Coming home after studying abroad can be just as daunting as leaving was. In many ways, it can be just as unsettling as starting out in a new country. Students will want to be adequately prepared for this culture shock in order to readjust to home as quickly and painlessly as possible.
Culture shock is the emotional, mental, and physical adjustment to life in a new place. It is often reported that students experience this upon their arrival in a new country, and many go struggle with it again when they return home. “Reverse culture shock,” as it is often called, is more stressful and difficult than the original.
It is important to accept that your post-study abroad life is going to be different from your pre-study abroad life. You are not the same person you were when you left home. You have had many exciting and transformative experiences, and have likely returned with a more open mind, as well as new ideas about your life, education, and future. This is a good thing! Embrace these changes in yourself!
Friends & Family
Your family and friends at home may not expect you to change. They may believe you’ll return home as the same person who left them. They may not be prepared for any major changes in you. For you, the changes you’ve experienced have happened very gradually, so you may not feel very different. But your loved ones are in many ways meeting the new you and are being asked to accept these changes all at once. This can be extremely frustrating for everyone involved, and it is important to stay patient and understanding. Try not to shut your friends and family out in frustration. No one is at fault.
Keeping in Touch
Make sure you stay in touch with the friends you made while abroad. Whether they be fellow study abroad students or native to your host country, these are relationships that can last the rest of your life. Don’t let distance get in the way of your friendships. Online capabilities make maintaining long-distance relationships easier than it’s ever been. These are also friends who have experienced many of the same events that you have during your time abroad, so you will be able to reminisce with them and bond in a way that you cannot with your friends from home. You will be grateful to have people who understand your experiences more than your friends and family from home.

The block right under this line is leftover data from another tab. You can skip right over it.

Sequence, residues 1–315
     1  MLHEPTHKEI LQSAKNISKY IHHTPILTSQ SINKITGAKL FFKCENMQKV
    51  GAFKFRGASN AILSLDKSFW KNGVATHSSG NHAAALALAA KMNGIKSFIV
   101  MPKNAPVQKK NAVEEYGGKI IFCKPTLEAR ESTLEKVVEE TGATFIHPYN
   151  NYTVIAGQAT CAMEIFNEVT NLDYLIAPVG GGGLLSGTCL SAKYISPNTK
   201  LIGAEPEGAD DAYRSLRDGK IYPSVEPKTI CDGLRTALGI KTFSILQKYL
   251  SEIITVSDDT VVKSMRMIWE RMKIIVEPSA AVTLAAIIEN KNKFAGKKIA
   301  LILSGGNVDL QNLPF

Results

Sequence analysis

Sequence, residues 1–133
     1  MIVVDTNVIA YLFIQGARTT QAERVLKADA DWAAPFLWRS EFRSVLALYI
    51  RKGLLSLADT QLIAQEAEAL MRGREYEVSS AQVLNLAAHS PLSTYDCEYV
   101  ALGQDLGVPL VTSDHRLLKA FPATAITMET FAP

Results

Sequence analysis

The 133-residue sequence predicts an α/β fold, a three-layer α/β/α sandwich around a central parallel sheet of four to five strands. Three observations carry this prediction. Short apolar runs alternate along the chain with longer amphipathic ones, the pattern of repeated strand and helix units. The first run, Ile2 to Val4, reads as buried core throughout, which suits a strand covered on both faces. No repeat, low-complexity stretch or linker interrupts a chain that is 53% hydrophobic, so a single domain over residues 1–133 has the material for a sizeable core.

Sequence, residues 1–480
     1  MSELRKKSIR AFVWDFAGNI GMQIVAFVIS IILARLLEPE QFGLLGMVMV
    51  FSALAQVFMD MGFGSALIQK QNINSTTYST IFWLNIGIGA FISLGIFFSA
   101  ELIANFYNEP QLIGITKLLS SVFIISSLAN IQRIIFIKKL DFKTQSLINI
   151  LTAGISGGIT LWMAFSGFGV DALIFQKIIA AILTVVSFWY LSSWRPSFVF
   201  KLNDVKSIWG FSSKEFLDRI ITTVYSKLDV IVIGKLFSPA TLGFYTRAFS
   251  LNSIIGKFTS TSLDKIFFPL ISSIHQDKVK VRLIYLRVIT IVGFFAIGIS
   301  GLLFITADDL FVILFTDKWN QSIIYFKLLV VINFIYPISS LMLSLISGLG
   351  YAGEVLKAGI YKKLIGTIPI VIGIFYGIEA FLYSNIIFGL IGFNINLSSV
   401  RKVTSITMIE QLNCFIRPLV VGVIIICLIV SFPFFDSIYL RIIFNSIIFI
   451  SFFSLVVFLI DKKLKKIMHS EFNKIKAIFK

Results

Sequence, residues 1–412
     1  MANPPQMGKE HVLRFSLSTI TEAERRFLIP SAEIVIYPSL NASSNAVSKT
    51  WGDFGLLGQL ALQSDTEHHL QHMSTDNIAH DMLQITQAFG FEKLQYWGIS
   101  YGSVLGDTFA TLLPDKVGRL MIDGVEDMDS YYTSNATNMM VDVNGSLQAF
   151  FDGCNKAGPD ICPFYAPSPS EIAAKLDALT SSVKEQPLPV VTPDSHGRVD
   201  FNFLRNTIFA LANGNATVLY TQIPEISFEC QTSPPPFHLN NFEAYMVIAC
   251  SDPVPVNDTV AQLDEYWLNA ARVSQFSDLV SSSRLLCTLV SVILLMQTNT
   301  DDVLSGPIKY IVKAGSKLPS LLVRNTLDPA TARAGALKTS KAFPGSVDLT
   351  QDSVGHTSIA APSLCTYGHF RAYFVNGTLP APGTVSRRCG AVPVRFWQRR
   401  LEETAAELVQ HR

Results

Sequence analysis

Readjusting to life at home can be extremely difficult and frustrating. Take things one day at a time. As they did in your time abroad, things will get easier with time. Try to focus on the positives of being back home. Everything from home that you’ve missed during your time abroad is available to you again!
Some students choose to keep mementos when they return home. Something small that you can carry with you is nice to have with you as a reminder of your experiences. It can also serve as a reminder that you can always go back.
After returning home, you can combat culture shock by putting your new global knowledge, experience, and intercultural skills to work. Colleges are historically great places for social, ecological, peace, and political movements to root. Being surrounded by young, driven, like-minded people is a highly conducive environment for initiating change. Use your new-found take on life to make your world a better place, wherever that is.